The day started with an iron overcast.
It spat hail as we set up our GPS base unit. Sandbags on the tripod legs and the radio and receiver units tucked deep into their packing cases to keep out moisture.
By the time we had searched for the non-existent ponds that were supposedly built by last year's contractor it was raining horizontally.
We tooled across the jobsite to the front gate, where the current contractor attempting to finish the guard shack (that costs more than either of our houses - unless Gerard Van Der Luen is reading this) showed us the latest, FINAL, developer-approved dimensions for the traffic islands and curb noses. We staked them out in between the worst of the rain and gusting winds. The cuts and fills will come tomorrow - if the NEW, FINAL plans aren't tacked to the side of the dressed stone building.
We had run up there to wimp out, actually. By the time we'd finished making things work and coordinating with the contractor we were already about as soaked as we could get in raincoats. The grading contractor's crews had driven out for home while we were staking. There is no sense in pushing mud to make more mud, you see. We climbed back in our truck after finishing up the guard shack work, and the rain turned to snow. It's JUNE seventh, folks. It began to snow around ten thirty.
We got crushed last Friday by bad terrain. Six hours total spent to locate and tie (measure and locate by GPS) one of three section corner monuments that are part of our property. The other two we need turned out to be inaccessible (without ropes) from where we started.
Monday we returned to the project ready to hike in a mile from a state park on the reverse of the mountain, only to be chased off the trail by driving (inch-an-hour) rain and lightning.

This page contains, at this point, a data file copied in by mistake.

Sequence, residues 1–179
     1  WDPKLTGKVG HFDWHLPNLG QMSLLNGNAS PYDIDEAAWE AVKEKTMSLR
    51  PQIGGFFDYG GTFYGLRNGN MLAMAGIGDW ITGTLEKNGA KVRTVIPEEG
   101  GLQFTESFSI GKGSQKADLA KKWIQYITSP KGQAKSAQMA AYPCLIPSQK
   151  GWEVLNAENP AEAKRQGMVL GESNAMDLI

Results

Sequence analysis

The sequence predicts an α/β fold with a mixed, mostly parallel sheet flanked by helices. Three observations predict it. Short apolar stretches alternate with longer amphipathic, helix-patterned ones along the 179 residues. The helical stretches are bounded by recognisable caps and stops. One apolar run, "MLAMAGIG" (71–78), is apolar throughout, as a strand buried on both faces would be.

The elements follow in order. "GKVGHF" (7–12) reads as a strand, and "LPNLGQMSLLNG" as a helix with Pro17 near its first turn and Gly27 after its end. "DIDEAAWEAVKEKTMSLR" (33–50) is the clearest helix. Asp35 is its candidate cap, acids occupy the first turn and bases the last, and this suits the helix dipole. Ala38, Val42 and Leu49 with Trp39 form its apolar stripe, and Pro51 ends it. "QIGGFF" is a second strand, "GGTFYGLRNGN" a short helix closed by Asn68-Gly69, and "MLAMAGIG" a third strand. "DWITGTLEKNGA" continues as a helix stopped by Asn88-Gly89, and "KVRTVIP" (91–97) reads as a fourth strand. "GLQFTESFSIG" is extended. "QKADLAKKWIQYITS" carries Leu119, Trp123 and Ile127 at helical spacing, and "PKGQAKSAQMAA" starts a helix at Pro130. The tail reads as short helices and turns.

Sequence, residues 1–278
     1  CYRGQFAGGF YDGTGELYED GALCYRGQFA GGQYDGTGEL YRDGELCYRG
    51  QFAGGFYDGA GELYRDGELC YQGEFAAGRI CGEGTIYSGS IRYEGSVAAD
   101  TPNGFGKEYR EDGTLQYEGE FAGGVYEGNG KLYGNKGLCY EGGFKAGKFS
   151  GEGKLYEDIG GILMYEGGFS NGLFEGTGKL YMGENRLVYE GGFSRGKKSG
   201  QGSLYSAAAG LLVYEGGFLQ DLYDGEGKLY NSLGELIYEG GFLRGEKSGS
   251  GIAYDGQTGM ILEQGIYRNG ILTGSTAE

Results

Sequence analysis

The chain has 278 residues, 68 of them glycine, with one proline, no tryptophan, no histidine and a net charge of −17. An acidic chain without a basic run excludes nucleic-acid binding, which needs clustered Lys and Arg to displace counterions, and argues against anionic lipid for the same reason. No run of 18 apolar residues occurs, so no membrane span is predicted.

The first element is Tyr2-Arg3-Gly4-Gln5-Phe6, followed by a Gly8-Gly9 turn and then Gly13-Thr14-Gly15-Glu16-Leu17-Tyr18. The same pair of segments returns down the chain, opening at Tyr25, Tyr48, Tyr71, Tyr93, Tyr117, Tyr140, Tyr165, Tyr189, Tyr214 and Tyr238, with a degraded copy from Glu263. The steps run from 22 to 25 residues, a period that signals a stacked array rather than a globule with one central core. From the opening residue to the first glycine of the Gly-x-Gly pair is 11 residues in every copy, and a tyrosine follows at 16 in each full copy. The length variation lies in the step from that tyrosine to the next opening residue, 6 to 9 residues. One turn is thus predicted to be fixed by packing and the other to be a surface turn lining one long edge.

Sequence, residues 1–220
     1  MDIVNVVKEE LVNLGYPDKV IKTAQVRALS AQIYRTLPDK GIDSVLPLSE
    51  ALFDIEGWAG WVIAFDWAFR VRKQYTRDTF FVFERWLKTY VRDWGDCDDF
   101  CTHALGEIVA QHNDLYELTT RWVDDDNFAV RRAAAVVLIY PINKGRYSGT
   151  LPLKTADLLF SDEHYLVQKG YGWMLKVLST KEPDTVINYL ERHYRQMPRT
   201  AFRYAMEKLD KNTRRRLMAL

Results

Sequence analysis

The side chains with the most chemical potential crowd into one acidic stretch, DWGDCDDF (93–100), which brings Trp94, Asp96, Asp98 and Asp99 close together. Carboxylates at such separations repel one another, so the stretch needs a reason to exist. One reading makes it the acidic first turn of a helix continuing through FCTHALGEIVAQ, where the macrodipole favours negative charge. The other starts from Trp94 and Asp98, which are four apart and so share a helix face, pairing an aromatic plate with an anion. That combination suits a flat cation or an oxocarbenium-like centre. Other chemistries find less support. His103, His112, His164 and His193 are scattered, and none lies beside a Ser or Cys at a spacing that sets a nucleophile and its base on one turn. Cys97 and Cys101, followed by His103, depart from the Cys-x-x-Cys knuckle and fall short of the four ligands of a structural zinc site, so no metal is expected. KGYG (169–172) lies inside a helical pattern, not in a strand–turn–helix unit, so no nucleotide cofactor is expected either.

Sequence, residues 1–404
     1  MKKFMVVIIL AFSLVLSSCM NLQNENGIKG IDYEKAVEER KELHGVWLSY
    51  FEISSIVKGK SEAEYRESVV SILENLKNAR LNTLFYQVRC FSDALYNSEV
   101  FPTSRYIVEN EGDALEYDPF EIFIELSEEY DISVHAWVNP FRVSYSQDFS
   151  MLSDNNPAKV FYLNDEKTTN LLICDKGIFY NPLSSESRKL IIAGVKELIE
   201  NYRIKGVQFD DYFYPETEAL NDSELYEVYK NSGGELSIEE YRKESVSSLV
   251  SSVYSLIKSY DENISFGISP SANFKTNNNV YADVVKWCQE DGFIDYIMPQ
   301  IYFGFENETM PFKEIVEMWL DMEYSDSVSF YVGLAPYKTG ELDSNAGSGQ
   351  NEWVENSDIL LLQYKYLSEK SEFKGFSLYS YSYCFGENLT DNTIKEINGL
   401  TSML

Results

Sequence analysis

I carry a character defect - I tend to embrace liability when the circumstances are patently beyond my control (but I'm much better now).
I survey because I like to see the results of my work: roads, bridges, buildings, and homes. I hate driving an hour and change just to turn around and drive home. It sucks. It makes it harder for me to charge in the next day. As the flakes got bigger and the mud began to freeze I thought it over and asked my second man if he still had his winter bag in the tool box. He did.
We went ahead and staked 1500 feet of curb (both sides) in just over five hours. We had to break once, for thirty minutes, when the snow warmed up enough to penetrate my GPS controller keypad cover. We wolfed lunch while drying the unit out and then went back out and finished the job. One day earlier than the contractor expected us to start it.
The last few hours were actually pretty nice, with blue sky breaking through as we took down our base. We were able to check into some of last year's work as we slammed our stakes in the ground, too, and were on the nut where those stakes hadn't been disturbed.
Life is GOOD. Tomorrow we button up the last issues with the guardshack. And we go for a walk in the park to close the day.
I hadn't realized how testy I've been until I returned home this evening and reread my posts of the last few days. My gripes are valid - but the tone is a little harsh, I think.
I hope you had a good day, too. I hope it was worth it.